Table 2:
Means, SDs and effect sizes (Cohen’s d) for measures of depression and anxiety.
Mean (SD) Effect size Cohen’s d (95% CI) Linear mixed models
Measure and group Pre-treatment Post-treatment 7-month
pre-7-month follow-up
Effect p
Treatment group
(n = 50)
13.90 (3.6) 6.32 (4.2) 5.55 (3.5) 0.77 (0.37–1.18) 1.93 (1.31–2.55) 2.43 (1.72–3.14) Group .89
Depression subgroup
(n = 28)
15.32 (3.3) 5.89 (2.8) 5.96 (3.5) 0.95 (0.40–1.50) 3.10 (1.87–4.32) 2.82 (1.78–3.87) Time < .001
Anxiety subgroup
(n = 22)
12.09 (3.3) 6.86 (5.5) 5.00 (3.4) 0.55 (−0.06–1.16) 1.12 (0.49–1.75) 2.17 (1.11–3.24) G × T < .001
Control group
(n = 50)
13.96 (4.7) 10.26 (5.9) 0.69 (0.40–0.97)
Depression subgroup
(n = 29)
15.07 (4.4) 10.59 (6.4) 0.79 (0.37–1.22)
Anxiety subgroup
(n = 21)
12.43 (4.7) 9.81 (5.2) 0.53 (0.20–0.85)
Treatment group
(n = 50)
11.46 (4.0) 6.12 (4.5) 5.34 (4.1) 0.48 (0.08–0.87) 1.25 (0.79–1.71) 1.51 (0.97–2.06) Group .85
Depression subgroup
(n = 28)
10.86 (4.1) 5.46 (3.9) 5.19 (4.1) 0.56 (0.03–1.09) 1.35 (0.75–1.95) 1.43 (0.73–2.10) Time < .001
Anxiety subgroup
(n = 22)
12.23 (3.8) 6.95 (5.3) 5.55 (4.2) 0.39 (−0.21–0.99) 1.15 (0.44–1.86) 1.62 (0.72–2.52) G × T < .01
Control group
(n = 50)
12.26 (4.2) 8.40 (5.0) 0.82 (0.51–1.13)
Depression subgroup
(n = 29)
11.97 (5.0) 8.03 (5.3) 0.76 (0.39–1.13)
Anxiety subgroup
(n = 21)
12.67 (2.8) 8.90 (4.7) 0.93 (0.36–1.50)
DOI: 10.7717/peerj.102/table-2


The confidence intervals were calculated using the standard error and an alpha level of 0.05. A confidence interval that do not overlap zero indicates a significance of p < .05. p values are given for linear mixed models using data from pre-treatment and post-treatment and all individuals (N = 100). The p value associated with the main effect of group denotes significance of average difference between groups at the pre-treatment assessment. The p value associated with the effect of time denotes the significance of average change over all assessment periods across treatment. The p value associated with the effect of G × T (group × time) denotes significance of difference between the treatment group and the control group in change over all assessment periods. Effect sizes are calculated as standardized mean differences. PHQ-9: 9-item Patient Health Questionnaire Depression Scale; GAD-7: 7-item Generalized Anxiety Disorder Scale.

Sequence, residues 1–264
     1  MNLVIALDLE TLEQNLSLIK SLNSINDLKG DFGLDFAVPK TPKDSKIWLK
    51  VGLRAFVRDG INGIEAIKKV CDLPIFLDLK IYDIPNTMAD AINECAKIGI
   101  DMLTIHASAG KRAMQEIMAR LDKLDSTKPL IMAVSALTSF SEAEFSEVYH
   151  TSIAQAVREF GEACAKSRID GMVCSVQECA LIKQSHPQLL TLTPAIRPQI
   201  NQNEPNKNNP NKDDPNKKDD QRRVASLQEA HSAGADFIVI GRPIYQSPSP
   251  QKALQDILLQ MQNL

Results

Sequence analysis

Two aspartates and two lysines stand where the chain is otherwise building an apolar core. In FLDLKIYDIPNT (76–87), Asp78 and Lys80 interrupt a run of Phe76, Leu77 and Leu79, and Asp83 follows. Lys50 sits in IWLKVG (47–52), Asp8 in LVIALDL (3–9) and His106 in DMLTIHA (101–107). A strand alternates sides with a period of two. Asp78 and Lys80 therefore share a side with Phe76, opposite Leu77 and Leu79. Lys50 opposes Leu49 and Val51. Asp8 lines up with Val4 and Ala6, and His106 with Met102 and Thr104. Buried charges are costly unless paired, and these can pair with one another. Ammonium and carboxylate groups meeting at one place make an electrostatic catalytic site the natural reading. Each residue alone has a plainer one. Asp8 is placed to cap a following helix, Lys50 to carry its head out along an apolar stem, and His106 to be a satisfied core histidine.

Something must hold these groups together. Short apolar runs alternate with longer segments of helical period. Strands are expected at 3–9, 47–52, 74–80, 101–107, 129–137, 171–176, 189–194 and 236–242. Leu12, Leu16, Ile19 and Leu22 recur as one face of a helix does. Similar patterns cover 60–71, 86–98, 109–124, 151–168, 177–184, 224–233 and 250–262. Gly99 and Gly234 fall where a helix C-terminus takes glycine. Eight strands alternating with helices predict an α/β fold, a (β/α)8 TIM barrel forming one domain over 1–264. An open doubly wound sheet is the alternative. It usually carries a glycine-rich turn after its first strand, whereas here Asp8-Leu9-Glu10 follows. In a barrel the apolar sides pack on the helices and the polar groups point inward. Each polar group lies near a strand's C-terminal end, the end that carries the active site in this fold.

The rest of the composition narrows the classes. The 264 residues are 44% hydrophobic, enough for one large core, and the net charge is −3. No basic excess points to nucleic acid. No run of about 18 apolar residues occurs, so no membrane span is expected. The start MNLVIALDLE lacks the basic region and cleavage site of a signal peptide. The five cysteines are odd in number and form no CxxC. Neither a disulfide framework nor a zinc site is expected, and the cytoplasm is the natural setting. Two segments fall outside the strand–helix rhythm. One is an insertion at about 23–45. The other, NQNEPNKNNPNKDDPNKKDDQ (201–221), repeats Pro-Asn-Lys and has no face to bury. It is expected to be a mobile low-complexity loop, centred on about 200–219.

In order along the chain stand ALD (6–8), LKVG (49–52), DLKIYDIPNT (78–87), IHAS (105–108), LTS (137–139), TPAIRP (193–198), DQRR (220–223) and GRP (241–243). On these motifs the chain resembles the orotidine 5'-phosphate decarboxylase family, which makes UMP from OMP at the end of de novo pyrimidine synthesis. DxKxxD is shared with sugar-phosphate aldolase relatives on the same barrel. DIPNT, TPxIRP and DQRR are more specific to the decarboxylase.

Table 3:
Means, SDs and effect sizes (Cohen’s d) for measures of emotional processing and mindfulness skills.
Mean (SD) Effect size Cohen’s d (95% CI) Linear mixed models
Measure and group Pre-treatment Post-treatment 7-month
pre-7-month follow-up
Effect p
EPS-25 Group .50
Treatment group
(n = 50)
5.00 (1.03) 2.86 (1.48) 2.84 (1.65) 0.82 (0.41–1.23) 1.67 (1.13–2.21) 1.51 (1.00–2.01) Time < .001
Control group
(n = 50)
4.93 (1.01) 4.17 (1.73) 0.50 (0.22–0.77) G × T < .001
FFMQ Group .15
Treatment group
(n = 50)
76.70 (10.9) 88.00 (12.0) 88.98 (13.3) 0.65 (0.25–1.05) 0.98 (0.65–1.31) 0.99 (0.59–1.39) Time < .001
Control group
(n = 50)
77.18 (14.1) 78.44 (17.1) 0.08 (−0.11–0.27) G × T < .001
DOI: 10.7717/peerj.102/table-3


The confidence intervals were calculated using the standard error and an alpha level of 0.05. A confidence interval that do not overlap zero indicates a significance of p < .05. p values are given for linear mixed models using data from pre-treatment and post-treatment and all individuals (N = 100). The p value associated with the main effect of group denotes significance of average difference between groups at the pre-treatment assessment. The p value associated with the effect of time denotes the significance of average change over all assessment periods across treatment. The p value associated with the effect of G × T (group × time) denotes significance of difference between the treatment group and the control group in change over all assessment periods. Effect sizes are calculated as standardized mean differences. EPS-25: Emotional Processing Scale; FFMQ: Five Facets of Mindfulness Questionnaire.